The drones that Hezbollah launched toward the Karish gas rig last week were Iranian unmanned aerial vehicles (UAVs), Defense Minister Benny Gantz confirmed.
“Hezbollah used UAVs made in Iran in their operation against the Karish,” he said in a briefing to military reporters. “It should be said that Hezbollah carries out missions for Iran, and its weapons are weapons made in Iran whether it is manufactured there or the knowledge acquired by them.”
The IDF shot down three UAVs launched on Saturday by Hezbollah toward the Karish rig, which is situated within Israel’s economic waters but disputed by Lebanon.
One of the three UAVs was shot down by an F-16, and the other two were downed by the naval Barak 1 Medium-Range Surface-to-Air Missile system on the INS Eilat, marking the first time the system was used against aerial threats.
The military also confirmed that another drone launched by the Lebanese terror group was downed June 29. The drone was intercepted “at a great distance from the maritime border” within Lebanon’s exclusive economic zone.
Speaking at the graduation ceremony of the IDF officers course, Gantz said that it was Lebanon which is responsible for stopping Iranian aggression carried out by Hezbollah from its territory.
“The State of Israel knows how to protect its assets well, and Hezbollah must understand that the mission it is carrying out on behalf of Iran could become a deadly mission that will first and foremost harm the interests of Lebanese citizens,” he said.
According to the ALMA Research Center, Hezbollah has about 2,000 unmanned aerial vehicles, many of them advanced UAVs from Iran and others manufactured independently by the group.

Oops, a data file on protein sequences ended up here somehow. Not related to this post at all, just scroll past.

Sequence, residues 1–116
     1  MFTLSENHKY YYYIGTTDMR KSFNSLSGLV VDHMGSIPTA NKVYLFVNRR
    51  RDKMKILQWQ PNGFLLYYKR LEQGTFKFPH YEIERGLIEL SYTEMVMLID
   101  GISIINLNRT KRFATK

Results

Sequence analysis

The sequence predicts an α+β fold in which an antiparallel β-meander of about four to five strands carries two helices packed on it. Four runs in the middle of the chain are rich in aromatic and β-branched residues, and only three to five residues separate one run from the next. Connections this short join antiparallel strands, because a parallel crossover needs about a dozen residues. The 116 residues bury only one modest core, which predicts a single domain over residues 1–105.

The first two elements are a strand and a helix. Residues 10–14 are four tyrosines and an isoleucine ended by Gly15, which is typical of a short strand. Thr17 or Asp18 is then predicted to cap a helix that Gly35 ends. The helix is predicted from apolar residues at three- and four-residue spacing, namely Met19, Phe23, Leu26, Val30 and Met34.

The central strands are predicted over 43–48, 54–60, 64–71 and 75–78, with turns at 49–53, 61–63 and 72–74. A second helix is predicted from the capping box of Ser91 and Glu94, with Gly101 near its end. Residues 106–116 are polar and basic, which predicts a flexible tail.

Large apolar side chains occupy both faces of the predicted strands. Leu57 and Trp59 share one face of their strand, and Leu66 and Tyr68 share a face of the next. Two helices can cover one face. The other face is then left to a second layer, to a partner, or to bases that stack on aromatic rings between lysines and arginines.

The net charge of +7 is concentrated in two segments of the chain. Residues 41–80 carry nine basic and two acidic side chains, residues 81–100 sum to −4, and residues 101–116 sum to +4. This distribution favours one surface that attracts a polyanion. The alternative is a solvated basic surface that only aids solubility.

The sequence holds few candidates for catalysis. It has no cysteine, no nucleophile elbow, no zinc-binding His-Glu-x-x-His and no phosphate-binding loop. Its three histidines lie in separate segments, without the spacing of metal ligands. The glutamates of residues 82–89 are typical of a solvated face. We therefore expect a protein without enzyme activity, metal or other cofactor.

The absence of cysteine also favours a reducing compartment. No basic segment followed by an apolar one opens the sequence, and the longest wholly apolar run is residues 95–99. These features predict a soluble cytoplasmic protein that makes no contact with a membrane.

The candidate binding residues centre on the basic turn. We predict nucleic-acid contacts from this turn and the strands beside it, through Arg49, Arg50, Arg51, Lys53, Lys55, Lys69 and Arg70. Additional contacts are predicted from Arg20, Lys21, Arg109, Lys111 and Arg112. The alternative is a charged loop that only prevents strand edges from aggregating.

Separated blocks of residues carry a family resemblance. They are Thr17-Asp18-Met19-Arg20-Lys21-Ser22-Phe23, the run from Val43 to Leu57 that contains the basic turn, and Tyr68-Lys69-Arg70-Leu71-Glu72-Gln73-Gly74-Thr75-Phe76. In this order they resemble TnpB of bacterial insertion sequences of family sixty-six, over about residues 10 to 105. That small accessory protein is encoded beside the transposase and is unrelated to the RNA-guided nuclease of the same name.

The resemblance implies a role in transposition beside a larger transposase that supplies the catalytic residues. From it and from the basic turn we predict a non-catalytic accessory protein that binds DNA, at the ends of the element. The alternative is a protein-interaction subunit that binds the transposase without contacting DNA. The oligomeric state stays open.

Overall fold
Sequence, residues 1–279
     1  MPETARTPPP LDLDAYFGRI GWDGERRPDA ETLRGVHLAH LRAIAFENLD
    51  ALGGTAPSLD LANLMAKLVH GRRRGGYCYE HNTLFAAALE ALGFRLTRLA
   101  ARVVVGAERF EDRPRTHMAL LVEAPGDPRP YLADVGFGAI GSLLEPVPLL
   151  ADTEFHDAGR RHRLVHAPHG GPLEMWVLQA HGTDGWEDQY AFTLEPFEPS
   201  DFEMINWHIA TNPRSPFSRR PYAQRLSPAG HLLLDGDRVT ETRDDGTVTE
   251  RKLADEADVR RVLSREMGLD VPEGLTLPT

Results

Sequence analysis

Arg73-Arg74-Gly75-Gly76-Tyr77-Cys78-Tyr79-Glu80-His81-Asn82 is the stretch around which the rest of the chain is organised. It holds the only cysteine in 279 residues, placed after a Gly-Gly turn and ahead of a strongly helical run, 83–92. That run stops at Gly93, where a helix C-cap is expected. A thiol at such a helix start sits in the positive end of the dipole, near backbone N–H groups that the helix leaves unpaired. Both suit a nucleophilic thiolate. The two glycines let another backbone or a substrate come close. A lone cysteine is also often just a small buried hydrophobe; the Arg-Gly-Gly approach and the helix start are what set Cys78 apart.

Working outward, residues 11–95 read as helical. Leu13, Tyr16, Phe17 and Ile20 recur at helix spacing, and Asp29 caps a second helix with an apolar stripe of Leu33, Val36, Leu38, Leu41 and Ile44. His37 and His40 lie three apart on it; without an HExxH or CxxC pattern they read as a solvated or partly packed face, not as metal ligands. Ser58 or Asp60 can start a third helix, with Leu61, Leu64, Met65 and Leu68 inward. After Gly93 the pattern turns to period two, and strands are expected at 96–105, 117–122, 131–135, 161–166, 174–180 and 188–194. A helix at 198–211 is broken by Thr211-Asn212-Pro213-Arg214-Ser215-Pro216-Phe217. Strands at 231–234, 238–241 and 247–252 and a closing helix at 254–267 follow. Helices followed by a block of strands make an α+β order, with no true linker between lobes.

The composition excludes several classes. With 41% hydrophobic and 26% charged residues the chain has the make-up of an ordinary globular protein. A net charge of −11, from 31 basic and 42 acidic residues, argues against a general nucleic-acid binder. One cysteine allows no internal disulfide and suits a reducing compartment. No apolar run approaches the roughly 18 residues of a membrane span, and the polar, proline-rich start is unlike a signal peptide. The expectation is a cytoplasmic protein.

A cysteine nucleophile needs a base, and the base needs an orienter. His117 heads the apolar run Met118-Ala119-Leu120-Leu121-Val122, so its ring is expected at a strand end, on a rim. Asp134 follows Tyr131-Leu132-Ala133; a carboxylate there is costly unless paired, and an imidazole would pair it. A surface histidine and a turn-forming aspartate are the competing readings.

The Israel Air Force has admitted that identifying and intercepting hostile drones is challenging, and considers drones to be one of the top five threats facing the country. The defense establishment is also concerned about the damage to the IAF’s aerial superiority over Lebanon due to Hezbollah’s long-range missiles and air defense systems.
The Lebanese response
Lebanon slammed Hezbollah for the launching of the drones, which was done without the government’s consent.Prime Minister Najib Mikati and Foreign Minister Abdallah Bou Habib issued a joint statement on Monday stating that Hezbollah’s launch of the drones “is unacceptable and endangers the country for no reason.”
Hezbollah’s Secretary-General Hassan Nasrallah has threatened to use force to prevent the Karish gas rig from producing natural gas, which is expected to start in several weeks.
Israel sees the rig as a strategic asset several kilometers south of the area over which negotiations are being conducted, and has warned that it will defend it.
In addition to being officially at war, Lebanon and Israel have an unresolved maritime border dispute over a triangular area of sea of around 860 sq. km., It extends along several blocks for exploratory offshore drilling for which Lebanon has put in a tender.
US energy envoy Amos Hochstein is expected to join US President Joe Biden on his visit to Israel and Saudi Arabia next week, and will hold meetings regarding the dispute.
On Wednesday Lebanon’s President Michel Aoun said that negotiations regarding the maritime border demarcations between Lebanon and Israel would be “finalized soon” with a “solution that would satisfy everyone.”
“Border demarcation is making progress and we will soon finalize it”Michel Aoun
“Border demarcation is making progress and we will soon finalize it,” Aoun was quoted as saying in an interview by Lebanon’s Naharnet news site.
“Border demarcation is making progress, and we will soon finalize it. I believe finalizing it will not take a long time,” and that the agreement “will definitely be in everyone’s interest. We are demarcating a border, and the two parties must be satisfied with the solution when we reach it, or else it wouldn’t be a solution, but rather hegemony by one party over the other.”